Many patients with endometriosis have had symptoms for many years but didn’t realize it because they didn’t have a clear understanding of what normal menstrual periods look like. “They should be able to take Ibuprofen and go to dinner, or take Ibuprofen and go to school,” says Dr. Ginn. “That's ‘normal’ menstrual cramps.”
3. That there's nothing that can be done.
“I think that's probably the biggest one, is that they can't be helped,” says Dr. Ginn. “They can. They can be helped.” And it’s important that patients who think they might have the disease seek medical care. “Endometriosis—while it's not malignant like cancer—it can damage organs in a way that can be life-threatening if they don't do anything about it.”
Looking Forward: What Needs to Change
Dr. Ginn has several thoughts about things we can focus on improving when it comes to endometriosis:
1. Talking about pain.
According to Dr. Ginn, period pain should be moderate and controllable: “Anything more than that needs more work up.” However, this telltale sign of endometriosis is often overlooked because people—patients, parents, teachers, and even doctors—either don’t want to or know how to talk about pain.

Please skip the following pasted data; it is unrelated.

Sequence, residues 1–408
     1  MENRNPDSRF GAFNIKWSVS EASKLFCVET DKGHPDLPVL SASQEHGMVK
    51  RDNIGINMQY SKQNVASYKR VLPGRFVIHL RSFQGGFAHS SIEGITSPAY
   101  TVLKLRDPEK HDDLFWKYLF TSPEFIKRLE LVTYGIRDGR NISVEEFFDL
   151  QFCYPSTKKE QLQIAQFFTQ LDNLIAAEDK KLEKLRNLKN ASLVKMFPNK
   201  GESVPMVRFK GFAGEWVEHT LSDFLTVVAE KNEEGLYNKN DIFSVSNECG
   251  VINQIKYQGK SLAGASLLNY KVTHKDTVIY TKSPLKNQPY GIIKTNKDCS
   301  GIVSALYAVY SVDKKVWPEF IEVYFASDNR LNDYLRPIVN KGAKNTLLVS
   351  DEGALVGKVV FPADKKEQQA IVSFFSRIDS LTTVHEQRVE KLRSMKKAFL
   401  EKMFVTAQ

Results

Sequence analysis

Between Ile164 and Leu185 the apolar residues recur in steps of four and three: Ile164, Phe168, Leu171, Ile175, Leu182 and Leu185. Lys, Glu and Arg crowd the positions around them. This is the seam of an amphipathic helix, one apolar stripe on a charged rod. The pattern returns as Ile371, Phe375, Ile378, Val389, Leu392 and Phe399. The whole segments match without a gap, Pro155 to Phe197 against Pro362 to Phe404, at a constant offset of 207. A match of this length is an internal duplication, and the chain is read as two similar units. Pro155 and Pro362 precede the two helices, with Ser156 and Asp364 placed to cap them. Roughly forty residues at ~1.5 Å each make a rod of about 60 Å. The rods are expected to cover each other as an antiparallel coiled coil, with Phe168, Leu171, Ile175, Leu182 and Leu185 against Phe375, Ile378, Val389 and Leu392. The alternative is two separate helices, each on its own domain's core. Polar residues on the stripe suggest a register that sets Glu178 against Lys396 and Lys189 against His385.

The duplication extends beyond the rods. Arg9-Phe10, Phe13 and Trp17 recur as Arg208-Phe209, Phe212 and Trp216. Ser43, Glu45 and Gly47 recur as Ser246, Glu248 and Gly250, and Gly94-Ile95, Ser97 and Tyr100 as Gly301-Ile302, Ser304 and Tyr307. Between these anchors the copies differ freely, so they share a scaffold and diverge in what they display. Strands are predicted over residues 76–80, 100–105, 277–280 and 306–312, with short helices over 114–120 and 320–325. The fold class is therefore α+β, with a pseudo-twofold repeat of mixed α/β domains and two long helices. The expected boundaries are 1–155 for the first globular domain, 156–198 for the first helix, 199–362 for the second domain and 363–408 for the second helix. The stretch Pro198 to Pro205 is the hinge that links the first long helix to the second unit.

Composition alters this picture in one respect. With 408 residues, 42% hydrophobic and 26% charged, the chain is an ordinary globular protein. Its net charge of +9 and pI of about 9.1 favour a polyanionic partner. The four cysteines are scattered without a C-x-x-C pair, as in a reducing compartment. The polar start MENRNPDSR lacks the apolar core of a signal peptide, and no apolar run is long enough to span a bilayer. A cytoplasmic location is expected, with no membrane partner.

“Nobody wants to ask about pain because it's a Pandora's box,” he laments. Even doctors often skip this question but it’s a critical aspect of patient care.
And he’d like to see school nurses get more involved, guiding parents who might not realize their child needs help. If a student consistently misses class due to painful period cramps, then it’s time to see a specialist.